Human Rights: Myth or Reality?

By Andie Vassilakis

Throughout his career, John Peters Humphrey addressed an abundance of issues regarding human rights, as well as their implication and meaning in the context of documents such as the Universal Declaration of Human Rights. In his speech “Human Rights: Myth or Reality?”, Humphrey tackles some key philosophical questions surrounding the discourse of rights. When asked at a Human Rights Awareness Conference in Fredericton in 1985 whether rights exist in actuality, Humphrey addresses the Chairman about the conflict between abstract notions of rights and their potential reality. In so doing, Humphrey attempts to reconcile the two. Humphrey concludes that rights do exist in their abstract form, but are evidently not always respected in reality, even with laws written for their protection. It is therefore a conscious struggle to ensure the protection of rights, one that requires constant implementation and improvement at the societal as well as the state level. This process that Humphrey refers to, is one that still persists today.

In this speech, Humphrey addresses what I believe to be one of the main problems around the existing discourse on human rights, which, as the title suggests, is the struggle between abstraction and reality. Although the notion of rights itself is consistently used, there remains a gap between what is written on paper and what occurs in everyday life. Do rights exist in themselves, apart from their being enshrined in law? And does said law really mean anything when it comes to actualizing rights? These are among the issues that Humphrey attempts to tease out in his address at the 1985 Conference.

In setting up his response to the Chairman’s question, Humphrey lays out both a philosophical as well as a legal framework. Falling short of explicitly claiming that human rights are innate, Humphrey suggests, however, that rights do exist but are wholly dependent upon society for their realization. Without a society to ensure their protection and realization, human rights are virtually unattainable. Although the idea of rights have since been translated into rules of law to ensure their meaning and their protection, rights as a concept have existed only so far as society has existed. Law, on the other hand, is something definitively real, and serves as an extension for the realization of rights. However, Humphrey makes a crucial claim that laws do not always reflect reality, and need to adapt to changing contexts as well as the society in which they are made in and meant for. It is here that Humphrey admits the shortcomings of the Universal Declaration, recognizing that even though it is as significant document, we have in no way entered an ideal world.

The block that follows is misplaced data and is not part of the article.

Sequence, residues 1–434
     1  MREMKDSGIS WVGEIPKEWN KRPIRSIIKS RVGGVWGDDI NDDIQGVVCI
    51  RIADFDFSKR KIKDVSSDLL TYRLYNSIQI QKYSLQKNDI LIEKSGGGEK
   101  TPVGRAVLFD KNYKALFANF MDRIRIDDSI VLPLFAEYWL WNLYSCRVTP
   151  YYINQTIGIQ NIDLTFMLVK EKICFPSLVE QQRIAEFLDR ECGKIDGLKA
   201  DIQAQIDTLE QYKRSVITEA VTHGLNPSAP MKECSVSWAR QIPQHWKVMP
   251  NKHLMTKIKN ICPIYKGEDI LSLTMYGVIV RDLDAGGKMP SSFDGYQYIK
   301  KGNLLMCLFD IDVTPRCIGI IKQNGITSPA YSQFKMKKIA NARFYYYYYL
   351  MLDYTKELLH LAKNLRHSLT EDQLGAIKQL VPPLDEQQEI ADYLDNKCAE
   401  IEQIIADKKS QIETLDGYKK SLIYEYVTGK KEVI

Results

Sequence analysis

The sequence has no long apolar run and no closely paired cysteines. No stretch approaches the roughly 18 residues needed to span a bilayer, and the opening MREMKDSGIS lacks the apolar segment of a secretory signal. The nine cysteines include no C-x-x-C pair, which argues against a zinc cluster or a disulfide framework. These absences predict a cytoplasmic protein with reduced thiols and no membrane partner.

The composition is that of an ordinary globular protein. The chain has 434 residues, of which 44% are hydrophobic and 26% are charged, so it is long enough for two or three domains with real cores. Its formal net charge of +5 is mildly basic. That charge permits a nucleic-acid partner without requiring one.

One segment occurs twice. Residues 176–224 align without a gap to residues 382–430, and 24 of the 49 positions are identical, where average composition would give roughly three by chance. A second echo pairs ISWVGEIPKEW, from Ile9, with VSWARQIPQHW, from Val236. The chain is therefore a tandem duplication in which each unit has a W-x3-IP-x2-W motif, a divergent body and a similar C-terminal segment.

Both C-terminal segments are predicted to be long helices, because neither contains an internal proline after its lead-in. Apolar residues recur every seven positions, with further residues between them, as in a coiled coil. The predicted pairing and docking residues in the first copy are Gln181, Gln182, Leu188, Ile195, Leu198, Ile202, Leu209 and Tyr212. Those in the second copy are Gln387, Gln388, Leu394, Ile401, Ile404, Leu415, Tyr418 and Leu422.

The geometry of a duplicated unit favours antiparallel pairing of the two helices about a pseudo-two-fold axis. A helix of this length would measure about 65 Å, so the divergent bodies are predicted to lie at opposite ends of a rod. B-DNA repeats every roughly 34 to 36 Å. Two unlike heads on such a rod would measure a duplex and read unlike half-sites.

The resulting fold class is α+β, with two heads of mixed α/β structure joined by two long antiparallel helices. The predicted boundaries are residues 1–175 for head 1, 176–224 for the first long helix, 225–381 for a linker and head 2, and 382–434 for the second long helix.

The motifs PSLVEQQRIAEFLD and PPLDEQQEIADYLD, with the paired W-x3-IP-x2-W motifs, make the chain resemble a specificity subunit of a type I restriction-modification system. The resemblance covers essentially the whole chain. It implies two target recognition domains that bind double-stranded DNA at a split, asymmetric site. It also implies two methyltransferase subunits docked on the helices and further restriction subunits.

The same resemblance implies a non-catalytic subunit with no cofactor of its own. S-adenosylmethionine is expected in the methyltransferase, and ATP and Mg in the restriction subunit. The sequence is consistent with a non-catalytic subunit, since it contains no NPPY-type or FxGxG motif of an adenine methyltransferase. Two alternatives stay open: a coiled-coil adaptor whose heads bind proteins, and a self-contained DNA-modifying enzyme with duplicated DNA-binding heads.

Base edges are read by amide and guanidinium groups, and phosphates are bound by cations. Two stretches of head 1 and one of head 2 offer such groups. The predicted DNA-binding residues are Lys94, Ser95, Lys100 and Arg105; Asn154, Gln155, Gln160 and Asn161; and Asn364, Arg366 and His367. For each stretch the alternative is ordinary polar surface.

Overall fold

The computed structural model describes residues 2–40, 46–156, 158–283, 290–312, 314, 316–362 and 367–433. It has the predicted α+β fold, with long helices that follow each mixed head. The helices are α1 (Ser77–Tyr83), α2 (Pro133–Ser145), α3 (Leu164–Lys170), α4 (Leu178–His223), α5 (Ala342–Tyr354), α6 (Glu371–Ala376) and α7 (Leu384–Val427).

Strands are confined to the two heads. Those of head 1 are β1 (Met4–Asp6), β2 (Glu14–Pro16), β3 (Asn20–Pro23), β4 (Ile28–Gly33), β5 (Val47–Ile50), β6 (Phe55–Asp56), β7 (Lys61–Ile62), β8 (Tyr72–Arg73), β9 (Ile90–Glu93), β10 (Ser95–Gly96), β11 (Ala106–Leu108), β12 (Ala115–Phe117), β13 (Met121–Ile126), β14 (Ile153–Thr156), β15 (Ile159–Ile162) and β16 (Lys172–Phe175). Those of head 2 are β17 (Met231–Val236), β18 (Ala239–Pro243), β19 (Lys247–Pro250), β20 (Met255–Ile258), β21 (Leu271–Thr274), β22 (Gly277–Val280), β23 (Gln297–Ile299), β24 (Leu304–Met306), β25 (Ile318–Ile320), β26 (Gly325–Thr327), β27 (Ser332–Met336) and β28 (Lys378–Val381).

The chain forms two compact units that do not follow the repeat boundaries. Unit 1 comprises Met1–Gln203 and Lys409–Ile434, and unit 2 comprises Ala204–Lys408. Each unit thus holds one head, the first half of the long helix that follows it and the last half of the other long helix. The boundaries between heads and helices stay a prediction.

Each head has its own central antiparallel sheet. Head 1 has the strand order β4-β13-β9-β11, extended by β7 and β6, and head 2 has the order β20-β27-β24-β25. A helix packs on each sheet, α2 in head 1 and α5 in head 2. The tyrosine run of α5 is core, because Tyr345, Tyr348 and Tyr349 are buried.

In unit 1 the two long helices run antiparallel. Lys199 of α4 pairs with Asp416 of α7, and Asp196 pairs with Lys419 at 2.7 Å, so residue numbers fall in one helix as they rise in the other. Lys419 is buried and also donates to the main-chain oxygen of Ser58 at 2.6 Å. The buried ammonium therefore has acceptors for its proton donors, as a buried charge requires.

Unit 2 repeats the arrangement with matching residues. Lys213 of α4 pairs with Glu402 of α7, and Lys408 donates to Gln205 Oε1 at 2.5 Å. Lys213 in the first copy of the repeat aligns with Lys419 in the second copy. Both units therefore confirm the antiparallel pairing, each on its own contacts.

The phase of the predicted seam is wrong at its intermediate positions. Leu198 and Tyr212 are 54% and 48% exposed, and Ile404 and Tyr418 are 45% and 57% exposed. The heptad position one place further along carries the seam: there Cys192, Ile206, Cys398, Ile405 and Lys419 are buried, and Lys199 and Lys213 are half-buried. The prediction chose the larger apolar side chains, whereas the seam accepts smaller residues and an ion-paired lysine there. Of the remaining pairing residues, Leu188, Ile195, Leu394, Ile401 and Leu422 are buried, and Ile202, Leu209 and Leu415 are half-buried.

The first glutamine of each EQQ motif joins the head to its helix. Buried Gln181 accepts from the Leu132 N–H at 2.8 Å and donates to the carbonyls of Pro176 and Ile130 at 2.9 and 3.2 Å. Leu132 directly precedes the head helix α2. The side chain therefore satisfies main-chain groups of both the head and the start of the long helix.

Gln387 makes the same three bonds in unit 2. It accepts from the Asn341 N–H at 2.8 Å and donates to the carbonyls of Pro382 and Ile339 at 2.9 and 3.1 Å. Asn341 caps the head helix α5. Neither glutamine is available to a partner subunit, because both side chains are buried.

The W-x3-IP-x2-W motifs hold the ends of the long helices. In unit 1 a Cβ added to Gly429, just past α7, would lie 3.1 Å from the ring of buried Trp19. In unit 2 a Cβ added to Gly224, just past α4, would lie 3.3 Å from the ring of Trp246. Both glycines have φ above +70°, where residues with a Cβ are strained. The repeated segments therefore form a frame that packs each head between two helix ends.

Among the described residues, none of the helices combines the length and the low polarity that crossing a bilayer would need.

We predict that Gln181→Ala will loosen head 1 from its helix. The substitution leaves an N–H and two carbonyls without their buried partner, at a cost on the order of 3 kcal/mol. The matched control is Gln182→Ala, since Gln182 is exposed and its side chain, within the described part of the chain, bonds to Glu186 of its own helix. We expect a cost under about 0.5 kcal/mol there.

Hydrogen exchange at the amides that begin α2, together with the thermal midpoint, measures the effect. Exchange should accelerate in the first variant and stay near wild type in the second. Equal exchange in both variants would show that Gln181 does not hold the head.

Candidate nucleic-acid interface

The mere existence of laws does not ensure obedience or societal harmony, as adopting laws is only half the battle. This holds true for the Universal Declaration of Human Rights, whose mere existence does not mean a new stage in history. Here, Humphrey recognizes the limitations of the Declaration, as well as the importance of finding a mechanism that will ensure its observance within an ever-changing environment. For example, Humphrey highlights the procedures taken in the event of a violation of the Declaration, which he claims depends more on “political considerations that may have very little to do with human rights let alone the alleged violation” and draws our attention to the ongoing difficulty of including human rights violations onto the United Nations agenda. Mechanisms, which are only now beginning to have some impact nearly two decades after the fact, have been provided to resolve this, showing the importance of building upon established laws to address loopholes and restraints. In this way, Humphrey attempts to bridge the gap between the abstract and the real, and to demonstrate how human rights can leave the realm of myths and become more than just an idea on paper.

In drawing on the necessity of devising an effective means for observing human rights at the international level, Humphrey’s speech reflects some of the Cold War anxieties of the time. Humphrey’s speech demonstrates the clear importance attached to the peace of nations, directing the audience’s attention to the possibility of a nuclear holocaust, and noting that in the event of one, there will evidently be no need to worry about such a thing as human rights protection. It is therefore necessary to formulate an adequate mechanism to prevent such a tragedy from occurring, which Humphrey claims, at the time, had not yet been reached. Thirty years later, this concern can be seen as still relevant and significant. Building the proper mechanisms for implementing human rights remains an important problem for this generation as it did the last, as we continue to engage in the discussion on human rights. We need to recognize, as Humphrey did in this 1985 speech, the potential flaws and shortcomings in our existing mechanisms to ensure rights are more than a myth.


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